Ernest Cyril Taylor was born and brought up in Chelmsford. He served in the army during the war and was killed in action in August 1917 near Ypres. His home was in Seymour Street.
TAYLOR, ERNEST CYRIL,
Gunner, 180th Brigade, Royal Field Artillery
Ernest lived in Chelmsford and enlisted into the army in London. He was killed in action on 1st August 1917 while serving as Gunner 184476 Taylor of C Battery, 180th Brigade of the Royal Field Artillery.
The Essex County Chronicle of 17th August 1917 reported:
“Mr. and Mrs. A. C. Taylor, of 30 Seymour Street, Chelmsford, have received news that their son, Gnr. E. C. Taylor, R.F.A., has been killed in action.”
Ernest was born in Chelmsford in 1898, one of six children of Alfred Cornelius Taylor and Eliza Ann Taylor (nee Dice). He was baptised at St. Mary’s Church, Moulsham on 6th August 1898. At the time Ernest’s father was an iron turner living at Church Lane, Chelmsford.
His father had been born in 1863 in Chelmsford; his mother c1864 in Tolleshunt D’Arcy. They had married at St. John’s Church in Moulsham on 16th December 1886. At the time Ernest’s father was aged 24, employed as an iron moulder, and lived in George Street. His mother was a year older and lived in Great Baddow.
In 1891 the married couple and their eldest two sons had been living at 21 New Writtle Street.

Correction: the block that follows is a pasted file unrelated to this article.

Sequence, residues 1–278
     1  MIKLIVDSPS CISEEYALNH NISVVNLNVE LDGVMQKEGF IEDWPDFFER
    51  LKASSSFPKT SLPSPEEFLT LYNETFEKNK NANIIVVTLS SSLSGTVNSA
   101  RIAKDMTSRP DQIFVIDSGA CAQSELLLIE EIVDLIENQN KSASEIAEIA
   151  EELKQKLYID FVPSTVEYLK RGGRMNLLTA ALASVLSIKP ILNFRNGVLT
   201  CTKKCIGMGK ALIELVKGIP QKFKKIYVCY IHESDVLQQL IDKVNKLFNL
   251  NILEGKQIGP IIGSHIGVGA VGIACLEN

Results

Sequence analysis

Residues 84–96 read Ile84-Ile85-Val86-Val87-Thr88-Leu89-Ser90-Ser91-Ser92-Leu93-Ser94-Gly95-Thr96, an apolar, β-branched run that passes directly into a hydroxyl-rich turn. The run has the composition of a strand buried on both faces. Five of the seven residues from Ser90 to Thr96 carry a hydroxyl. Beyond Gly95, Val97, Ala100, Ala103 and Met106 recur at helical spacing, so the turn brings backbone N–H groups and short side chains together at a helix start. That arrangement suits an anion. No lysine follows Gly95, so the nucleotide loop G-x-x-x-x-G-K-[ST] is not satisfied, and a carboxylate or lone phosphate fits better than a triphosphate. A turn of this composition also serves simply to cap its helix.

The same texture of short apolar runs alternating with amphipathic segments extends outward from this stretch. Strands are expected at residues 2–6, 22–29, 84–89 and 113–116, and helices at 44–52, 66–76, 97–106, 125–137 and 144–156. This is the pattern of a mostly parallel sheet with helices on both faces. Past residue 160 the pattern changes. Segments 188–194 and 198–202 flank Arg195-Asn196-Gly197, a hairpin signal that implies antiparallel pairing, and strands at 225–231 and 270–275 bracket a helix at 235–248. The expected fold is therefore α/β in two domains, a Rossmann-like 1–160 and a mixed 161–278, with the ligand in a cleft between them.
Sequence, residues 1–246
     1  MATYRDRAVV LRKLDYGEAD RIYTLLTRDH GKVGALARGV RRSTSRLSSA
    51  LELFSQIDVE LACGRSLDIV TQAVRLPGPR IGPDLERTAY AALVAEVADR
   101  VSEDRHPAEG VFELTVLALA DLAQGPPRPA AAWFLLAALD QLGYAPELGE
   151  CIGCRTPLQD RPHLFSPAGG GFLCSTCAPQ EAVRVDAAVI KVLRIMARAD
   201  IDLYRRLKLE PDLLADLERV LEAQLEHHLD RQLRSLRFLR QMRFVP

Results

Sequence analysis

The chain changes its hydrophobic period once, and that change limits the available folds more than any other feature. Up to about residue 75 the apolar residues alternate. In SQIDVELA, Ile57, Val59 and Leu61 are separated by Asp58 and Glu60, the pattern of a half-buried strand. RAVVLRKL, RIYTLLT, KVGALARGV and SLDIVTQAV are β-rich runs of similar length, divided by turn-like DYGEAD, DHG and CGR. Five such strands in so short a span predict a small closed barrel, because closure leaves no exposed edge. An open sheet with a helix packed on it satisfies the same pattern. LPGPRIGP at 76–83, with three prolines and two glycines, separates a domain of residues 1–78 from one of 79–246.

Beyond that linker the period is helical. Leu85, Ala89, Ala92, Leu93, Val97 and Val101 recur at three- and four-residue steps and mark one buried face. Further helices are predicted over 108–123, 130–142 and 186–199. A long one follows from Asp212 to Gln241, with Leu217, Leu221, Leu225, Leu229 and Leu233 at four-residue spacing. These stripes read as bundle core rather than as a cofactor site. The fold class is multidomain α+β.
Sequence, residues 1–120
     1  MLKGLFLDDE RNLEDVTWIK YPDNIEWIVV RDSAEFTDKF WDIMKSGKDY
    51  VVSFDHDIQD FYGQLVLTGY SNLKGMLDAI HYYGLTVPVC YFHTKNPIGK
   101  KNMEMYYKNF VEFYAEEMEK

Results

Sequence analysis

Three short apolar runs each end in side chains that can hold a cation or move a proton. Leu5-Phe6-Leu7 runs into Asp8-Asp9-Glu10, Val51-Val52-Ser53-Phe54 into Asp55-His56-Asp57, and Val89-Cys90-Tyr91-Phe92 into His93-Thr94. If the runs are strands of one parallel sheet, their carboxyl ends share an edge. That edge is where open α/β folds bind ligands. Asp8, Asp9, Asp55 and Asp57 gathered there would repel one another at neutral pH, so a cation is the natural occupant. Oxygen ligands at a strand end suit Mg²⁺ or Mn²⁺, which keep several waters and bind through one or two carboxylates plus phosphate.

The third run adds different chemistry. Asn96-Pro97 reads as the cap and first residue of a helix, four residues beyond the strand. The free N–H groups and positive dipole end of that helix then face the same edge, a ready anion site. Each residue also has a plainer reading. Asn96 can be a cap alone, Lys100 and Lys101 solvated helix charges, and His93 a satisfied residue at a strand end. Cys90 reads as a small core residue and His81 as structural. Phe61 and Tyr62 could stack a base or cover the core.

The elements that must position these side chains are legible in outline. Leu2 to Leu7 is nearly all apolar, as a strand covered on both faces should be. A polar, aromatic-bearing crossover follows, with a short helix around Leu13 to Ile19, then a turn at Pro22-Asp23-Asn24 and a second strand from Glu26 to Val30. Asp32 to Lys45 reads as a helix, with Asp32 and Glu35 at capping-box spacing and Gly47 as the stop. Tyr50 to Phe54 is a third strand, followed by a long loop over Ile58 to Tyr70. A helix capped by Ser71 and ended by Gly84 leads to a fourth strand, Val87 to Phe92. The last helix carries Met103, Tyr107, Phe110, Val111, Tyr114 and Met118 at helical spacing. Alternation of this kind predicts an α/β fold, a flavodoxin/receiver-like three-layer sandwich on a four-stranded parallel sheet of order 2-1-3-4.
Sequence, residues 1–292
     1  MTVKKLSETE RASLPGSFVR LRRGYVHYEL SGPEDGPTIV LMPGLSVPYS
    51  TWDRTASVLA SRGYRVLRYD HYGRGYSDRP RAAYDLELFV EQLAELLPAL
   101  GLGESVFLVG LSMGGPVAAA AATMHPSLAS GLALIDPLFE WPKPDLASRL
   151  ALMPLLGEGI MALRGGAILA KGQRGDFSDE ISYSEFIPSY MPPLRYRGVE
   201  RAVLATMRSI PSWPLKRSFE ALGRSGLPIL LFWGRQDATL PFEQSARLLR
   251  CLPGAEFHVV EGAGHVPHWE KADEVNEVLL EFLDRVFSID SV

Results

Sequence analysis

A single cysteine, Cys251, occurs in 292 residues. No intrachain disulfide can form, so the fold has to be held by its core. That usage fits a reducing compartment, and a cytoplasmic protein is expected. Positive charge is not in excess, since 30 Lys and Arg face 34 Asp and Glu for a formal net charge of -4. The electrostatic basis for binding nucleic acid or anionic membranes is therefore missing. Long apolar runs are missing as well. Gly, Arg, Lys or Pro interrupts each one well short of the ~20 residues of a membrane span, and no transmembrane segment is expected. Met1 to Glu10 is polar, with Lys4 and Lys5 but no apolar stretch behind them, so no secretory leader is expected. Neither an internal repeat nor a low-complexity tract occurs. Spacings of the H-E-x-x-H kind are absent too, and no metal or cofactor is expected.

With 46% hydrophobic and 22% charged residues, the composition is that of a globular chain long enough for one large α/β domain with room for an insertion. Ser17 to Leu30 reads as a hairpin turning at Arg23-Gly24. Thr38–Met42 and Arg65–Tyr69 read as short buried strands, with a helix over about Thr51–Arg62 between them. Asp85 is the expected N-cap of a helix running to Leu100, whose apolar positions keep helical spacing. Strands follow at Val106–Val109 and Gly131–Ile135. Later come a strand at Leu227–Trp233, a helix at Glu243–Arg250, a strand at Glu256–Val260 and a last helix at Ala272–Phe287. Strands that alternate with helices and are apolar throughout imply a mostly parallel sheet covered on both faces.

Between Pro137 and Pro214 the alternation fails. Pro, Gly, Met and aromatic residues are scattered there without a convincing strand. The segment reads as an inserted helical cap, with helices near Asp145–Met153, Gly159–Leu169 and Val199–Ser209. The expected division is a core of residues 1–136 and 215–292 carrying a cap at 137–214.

Ernest’s siblings included Alfred Cornelius Taylor (1887-1891), Albert George Taylor (born in 1890), Charles William Taylor (1893-1964) and Edith Emily Taylor (1901-1975). The children were all Chelmsford-born.
The 1901 census found Ernest, aged two, living with his parents and three siblings at 13 Church Street, Chelmsford. His father was a cast iron turner.
By 1911 the family appears to have fallen on hard times. Ernest was recorded by the census that year, aged 12, and living at the Chelmsford Union’s Boys’ Home in a house known as ‘Greenbourne’ at the south-west corner of Writtle Green, Writtle. Meanwhile his parents were both inmates at the Workhouse in Wood Street, Chelmsford (later St. John’s Hospital). Ernest’s father was a foreman at an iron works. By then two of their other children had died.
Ernest has no known grave and is commemorated on the Civic Centre Memorial, Chelmsford, the Ypres (Menin Gate) Memorial in Belgium, and at the London Road Congregational Church, Chelmsford. He was not commemorated on the war memorial at St. John’s Church, Moulsham.
He was entitled to the British War Medal and Victory Medal.
The 1918 register of electors listed his parents at 30 Seymour Street, Chelmsford. His father died om 1936, aged 73.